New York City, NY — by Sabrina Choudhary
This story was originally published on New York University’s Washington Square News.
Without fail, each spring semester, a handful of my senior friends make “last first day of school” Instagram posts. It was my turn this year — this week, actually. But while I’m generally a sentimental person, I didn’t want to assign the day too much value.
COVID-19 has made me wary of putting too much weight on milestones, placing too much certainty on schedules. At the same time, the pandemic has made me more dependent on my classes — particularly in physical classrooms — for a routine, an excuse to leave my apartment, a way to socialize, a mental challenge and even a sense of purpose.
Though I hadn’t given it much thought, I was excited to return to campus this week. I’d be able to meet my peers, overanalyze where to sit — especially if pandemic rules mean permanent seat assignments — and find out whether my professor is nice. I wanted to make a good first impression and start the semester on the right foot.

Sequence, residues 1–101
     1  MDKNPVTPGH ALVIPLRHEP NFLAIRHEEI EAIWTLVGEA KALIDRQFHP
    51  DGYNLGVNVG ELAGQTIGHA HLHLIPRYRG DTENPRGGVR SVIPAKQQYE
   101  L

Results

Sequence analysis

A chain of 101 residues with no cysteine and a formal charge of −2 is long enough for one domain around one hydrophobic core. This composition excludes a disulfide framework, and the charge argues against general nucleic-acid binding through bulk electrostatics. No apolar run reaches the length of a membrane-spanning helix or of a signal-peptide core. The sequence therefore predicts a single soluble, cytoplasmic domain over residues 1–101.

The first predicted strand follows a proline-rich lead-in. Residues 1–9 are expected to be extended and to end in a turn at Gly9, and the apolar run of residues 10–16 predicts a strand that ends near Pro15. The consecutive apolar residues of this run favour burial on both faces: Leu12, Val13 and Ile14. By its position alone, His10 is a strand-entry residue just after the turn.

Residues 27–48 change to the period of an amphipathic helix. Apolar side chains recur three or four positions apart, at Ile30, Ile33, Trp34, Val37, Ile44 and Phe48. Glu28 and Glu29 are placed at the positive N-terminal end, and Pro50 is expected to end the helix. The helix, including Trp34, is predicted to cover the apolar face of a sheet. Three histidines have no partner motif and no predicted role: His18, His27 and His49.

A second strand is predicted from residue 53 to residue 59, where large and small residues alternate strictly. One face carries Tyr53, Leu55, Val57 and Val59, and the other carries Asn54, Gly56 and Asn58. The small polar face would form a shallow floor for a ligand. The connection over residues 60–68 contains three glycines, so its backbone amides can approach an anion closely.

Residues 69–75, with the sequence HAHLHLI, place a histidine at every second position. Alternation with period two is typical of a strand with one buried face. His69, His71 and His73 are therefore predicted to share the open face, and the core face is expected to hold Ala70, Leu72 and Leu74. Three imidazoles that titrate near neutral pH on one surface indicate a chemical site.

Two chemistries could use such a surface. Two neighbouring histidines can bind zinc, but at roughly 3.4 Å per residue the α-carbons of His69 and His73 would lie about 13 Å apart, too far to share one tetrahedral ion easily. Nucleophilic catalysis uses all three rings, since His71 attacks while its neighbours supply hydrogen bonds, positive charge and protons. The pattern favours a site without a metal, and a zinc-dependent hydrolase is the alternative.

Instead, my first impression to my professor was a pathetic email explaining that I couldn’t attend class because I had lost my phone.
The night before, I had taken a Lyft home from my friend’s apartment, and my phone slipped out of my pocket during the ride. I noticed as soon as I got inside, but it was too late. I frantically checked the street twice, turned my pockets inside out and emptied my tote bag before giving up for the night. There was nothing more I could do but console myself that, at the end of the day, I was safe and it was just a phone. I could live without it.
But, as it turns out, I couldn’t. At least not normally.
Read the rest of the story at Washington Square News.